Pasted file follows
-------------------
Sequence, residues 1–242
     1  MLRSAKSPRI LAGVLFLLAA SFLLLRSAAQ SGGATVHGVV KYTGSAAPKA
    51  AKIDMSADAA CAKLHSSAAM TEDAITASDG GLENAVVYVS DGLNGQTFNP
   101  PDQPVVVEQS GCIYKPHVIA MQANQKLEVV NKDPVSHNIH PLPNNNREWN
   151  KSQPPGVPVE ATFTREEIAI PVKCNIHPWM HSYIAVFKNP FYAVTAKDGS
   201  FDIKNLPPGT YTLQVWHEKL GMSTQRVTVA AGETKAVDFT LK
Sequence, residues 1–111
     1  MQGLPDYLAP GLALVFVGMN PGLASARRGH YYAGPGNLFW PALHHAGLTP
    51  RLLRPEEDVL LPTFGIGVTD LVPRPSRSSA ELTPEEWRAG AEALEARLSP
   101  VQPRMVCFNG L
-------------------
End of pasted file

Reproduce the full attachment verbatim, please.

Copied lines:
Sequence, residues 1–242
     1  MLRSAKSPRI LAGVLFLLAA SFLLLRSAAQ SGGATVHGVV KYTGSAAPKA
    51  AKIDMSADAA CAKLHSSAAM TEDAITASDG GLENAVVYVS DGLNGQTFNP
   101  PDQPVVVEQS GCIYKPHVIA MQANQKLEVV NKDPVSHNIH PLPNNNREWN
   151  KSQPPGVPVE ATFTREEIAI PVKCNIHPWM HSYIAVFKNP FYAVTAKDGS
   201  FDIKNLPPGT YTLQVWHEKL GMSTQRVTVA AGETKAVDFT LK
Sequence, residues 1–111
     1  MQGLPDYLAP GLALVFVGMN PGLASARRGH YYAGPGNLFW PALHHAGLTP
    51  RLLRPEEDVL LPTFGIGVTD LVPRPSRSSA ELTPEEWRAG AEALEARLSP
   101  VQPRMVCFNG L